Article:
Wed, 30 Aug 2006

Pertamina starts to feel pinch of 'free market'

Benget Simbolon Tnb., The Jakarta Post, Jakarta

State-owned oil and gas company Pertamina has begun to feel the pinch of increasingly steeper competition in the oil and gas sector following the issuance of a 2001 government regulation that stripped the company of its monopoly,

A subsequent government regulation, issued in 2003 and changing Pertamina into a pure business entity, has added to the pressure on the company to transform itself into a more efficient energy firm.

For Pertamina, which earned a reputation in the past for corruption, collusion and nepotism, changing its direction into a business entity oriented toward turning a profit is proving to be a difficult task.

Even now, many senior government officials and politicians still regard Pertamina and other state firms as cash cows there for the milking.

Speaking to journalists in Jakarta recently, Pertamina president director Ari Soemarno said he hoped to transform Pertamina into a world-class and efficient company within five years in order to be able to survive the new free market era.

"We're optimistic that we can realize this in five years," he said.

Under a government regulation issued in 1971, Pertamina was the country's single oil and gas regulator and operator, holding exclusive rights in the exploration, production and distribution of oil and gas.

But now, with the new regulations, other players have been allowed to enter the oil and gas sector here on what is supposed to be a level playing field.

Although Pertamina still holds the exclusive right to sell subsidized fuels, Shell, Europe's second largest oil company, and Petronas of Malaysia have been allowed to enter the fuel retail market to sell non-subsidized fuels, such as high-octane gasoline.

Shell operates three stations in Greater Jakarta and has plans to build two more stations. Petronas has built one station in the southern part of the capital and it also plans to expand its retail business.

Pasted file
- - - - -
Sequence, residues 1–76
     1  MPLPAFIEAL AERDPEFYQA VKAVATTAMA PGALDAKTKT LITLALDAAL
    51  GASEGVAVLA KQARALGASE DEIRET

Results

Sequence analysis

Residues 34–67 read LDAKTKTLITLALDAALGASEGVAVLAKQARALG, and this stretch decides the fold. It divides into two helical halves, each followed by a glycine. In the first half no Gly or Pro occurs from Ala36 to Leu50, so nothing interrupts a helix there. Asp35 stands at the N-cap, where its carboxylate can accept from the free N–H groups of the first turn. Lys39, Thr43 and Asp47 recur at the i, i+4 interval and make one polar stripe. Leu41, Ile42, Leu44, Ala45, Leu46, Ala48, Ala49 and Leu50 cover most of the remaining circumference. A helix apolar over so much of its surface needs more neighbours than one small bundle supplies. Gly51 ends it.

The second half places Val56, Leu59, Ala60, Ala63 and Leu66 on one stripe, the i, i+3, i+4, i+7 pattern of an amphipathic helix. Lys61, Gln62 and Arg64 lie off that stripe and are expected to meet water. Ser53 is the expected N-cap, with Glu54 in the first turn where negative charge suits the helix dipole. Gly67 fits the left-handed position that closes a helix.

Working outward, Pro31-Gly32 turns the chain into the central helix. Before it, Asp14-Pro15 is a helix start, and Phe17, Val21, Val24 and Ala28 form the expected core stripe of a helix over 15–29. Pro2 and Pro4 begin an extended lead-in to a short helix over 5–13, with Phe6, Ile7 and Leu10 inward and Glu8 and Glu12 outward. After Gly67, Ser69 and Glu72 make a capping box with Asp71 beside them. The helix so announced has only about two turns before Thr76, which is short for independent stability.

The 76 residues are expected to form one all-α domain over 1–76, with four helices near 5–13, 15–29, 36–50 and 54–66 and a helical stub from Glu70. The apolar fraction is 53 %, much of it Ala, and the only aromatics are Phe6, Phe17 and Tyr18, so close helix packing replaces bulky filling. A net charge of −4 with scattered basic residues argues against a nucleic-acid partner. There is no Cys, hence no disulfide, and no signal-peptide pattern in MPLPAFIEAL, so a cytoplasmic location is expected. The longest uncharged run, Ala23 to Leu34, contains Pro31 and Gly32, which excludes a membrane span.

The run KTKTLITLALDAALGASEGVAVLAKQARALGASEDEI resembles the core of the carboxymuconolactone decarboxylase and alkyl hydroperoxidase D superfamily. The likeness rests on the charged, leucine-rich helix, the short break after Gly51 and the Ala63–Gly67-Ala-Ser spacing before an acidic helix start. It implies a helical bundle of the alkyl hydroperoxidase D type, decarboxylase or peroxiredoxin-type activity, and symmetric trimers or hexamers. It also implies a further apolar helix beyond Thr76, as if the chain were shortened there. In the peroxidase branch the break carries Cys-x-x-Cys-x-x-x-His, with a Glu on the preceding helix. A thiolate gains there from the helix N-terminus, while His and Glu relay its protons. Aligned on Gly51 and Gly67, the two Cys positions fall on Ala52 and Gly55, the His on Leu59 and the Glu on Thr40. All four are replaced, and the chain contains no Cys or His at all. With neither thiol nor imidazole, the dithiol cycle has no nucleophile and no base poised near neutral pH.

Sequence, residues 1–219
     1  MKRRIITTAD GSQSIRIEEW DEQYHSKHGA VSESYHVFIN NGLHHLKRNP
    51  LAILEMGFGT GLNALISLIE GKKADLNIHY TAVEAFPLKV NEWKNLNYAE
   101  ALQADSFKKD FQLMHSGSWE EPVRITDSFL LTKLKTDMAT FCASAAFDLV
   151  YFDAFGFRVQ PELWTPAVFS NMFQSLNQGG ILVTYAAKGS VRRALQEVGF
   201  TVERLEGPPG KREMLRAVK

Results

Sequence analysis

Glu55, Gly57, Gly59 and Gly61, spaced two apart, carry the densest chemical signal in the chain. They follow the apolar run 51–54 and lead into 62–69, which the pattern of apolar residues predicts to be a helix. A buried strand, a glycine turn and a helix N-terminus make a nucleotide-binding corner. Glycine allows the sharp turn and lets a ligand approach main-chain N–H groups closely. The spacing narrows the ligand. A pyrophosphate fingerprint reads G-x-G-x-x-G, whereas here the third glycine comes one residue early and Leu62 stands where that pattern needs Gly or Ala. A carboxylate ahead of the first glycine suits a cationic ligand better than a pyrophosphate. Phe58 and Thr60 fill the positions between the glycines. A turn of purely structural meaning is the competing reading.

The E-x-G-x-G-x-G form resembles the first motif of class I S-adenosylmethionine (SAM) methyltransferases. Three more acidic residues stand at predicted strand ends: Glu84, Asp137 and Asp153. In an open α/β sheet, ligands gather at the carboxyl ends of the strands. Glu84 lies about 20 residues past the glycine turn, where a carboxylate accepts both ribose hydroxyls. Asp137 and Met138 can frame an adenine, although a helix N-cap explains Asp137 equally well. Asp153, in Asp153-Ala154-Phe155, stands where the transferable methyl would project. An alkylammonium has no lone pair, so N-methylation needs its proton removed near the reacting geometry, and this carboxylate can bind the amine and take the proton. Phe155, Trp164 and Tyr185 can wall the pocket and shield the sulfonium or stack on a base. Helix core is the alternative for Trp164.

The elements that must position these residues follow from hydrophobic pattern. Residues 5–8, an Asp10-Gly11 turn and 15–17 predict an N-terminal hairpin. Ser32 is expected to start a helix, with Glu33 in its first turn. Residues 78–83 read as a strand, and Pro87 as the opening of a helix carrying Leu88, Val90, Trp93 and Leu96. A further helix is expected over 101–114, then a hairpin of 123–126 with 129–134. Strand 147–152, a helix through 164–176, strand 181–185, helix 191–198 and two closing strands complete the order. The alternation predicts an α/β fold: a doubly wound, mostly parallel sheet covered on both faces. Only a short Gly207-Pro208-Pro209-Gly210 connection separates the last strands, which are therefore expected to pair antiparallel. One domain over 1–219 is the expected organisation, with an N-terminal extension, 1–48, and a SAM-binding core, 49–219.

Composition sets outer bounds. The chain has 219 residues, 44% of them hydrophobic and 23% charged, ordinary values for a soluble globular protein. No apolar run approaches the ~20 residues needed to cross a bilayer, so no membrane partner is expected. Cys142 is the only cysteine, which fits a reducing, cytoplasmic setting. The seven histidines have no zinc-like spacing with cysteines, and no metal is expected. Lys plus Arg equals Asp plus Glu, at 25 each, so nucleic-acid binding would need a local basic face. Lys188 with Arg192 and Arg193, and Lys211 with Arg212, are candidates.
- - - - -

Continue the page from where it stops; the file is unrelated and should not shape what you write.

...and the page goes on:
Soemarno said recently that over the next five years Pertamina needed an investment of US$1 billion to improve its retail stations and storage facilities across the country.

The company has set a target of building 700 gasoline stations this year and 1,000 stations next year, in cooperation with local companies.

It has offered private companies the opportunity to take part in opening new gas stations under a franchise business arrangement.

"So far this year, 2,426 investors have applied to develop gasoline stations. Some 630 of them have been approved," Soemarno said.

He said construction of the gasoline stations would begin after the investors met all of Pertamina's requirements, including the payment of franchise fees.

The company also plans to invest $22 million to build 55 gasoline stations on its own next year. The construction of one station will cost about Rp 3 billion (US$330,000), depending on the price of the land.

In addition, the state oil firm plans to revamp six of its gas stations in Jakarta so they can serve as models for other Pertamina stations across the archipelago.

It also plans over the next four years to build 500,000 kiloliters of fuel storage to cope with expected increases in the country's fuel demand.

Hanung Budya, Pertamina's deputy director of trading and marketing, said in Bali recently the company would also need an additional storage capacity of 300,000 kiloliters in the next four years.

"We will build fuel facilities in East Java and West Java," he said.

The company currently depends on leasing tankers to provide additional stocks if demand increases in certain distribution areas.

But despite its ambitious plans, there are concerns the company will be unable to meet its targets on schedule. Problems ranging from a shortage of funds, the unchanged mind-set among government officials toward Pertamina and aging workers still stand in the way of transforming the company.

"We're facing a shortage of funds to finance our transformation projects. Actually, that money could come from our big profits, but we only retain a small amount of our earnings every year," Soemarno said.

During an informal discussion with a number of Pertamina officials, they complained that government officials, particularly politicians, still considered the company a cash cow that could be tapped every time they needed funds.

In addition, the company's human resources are not yet competitive enough to face the more open competition. With 45 percent of its workers aged between 41 and 50, and 41 percent above 50 years old, the company's management doubts it can improve its productivity and efficiency.

"But we cannot just accept the situation as such. The competition out there is getting steeper, and we have to transform ourselves in order to benefit from the new conditions," Soemarno said.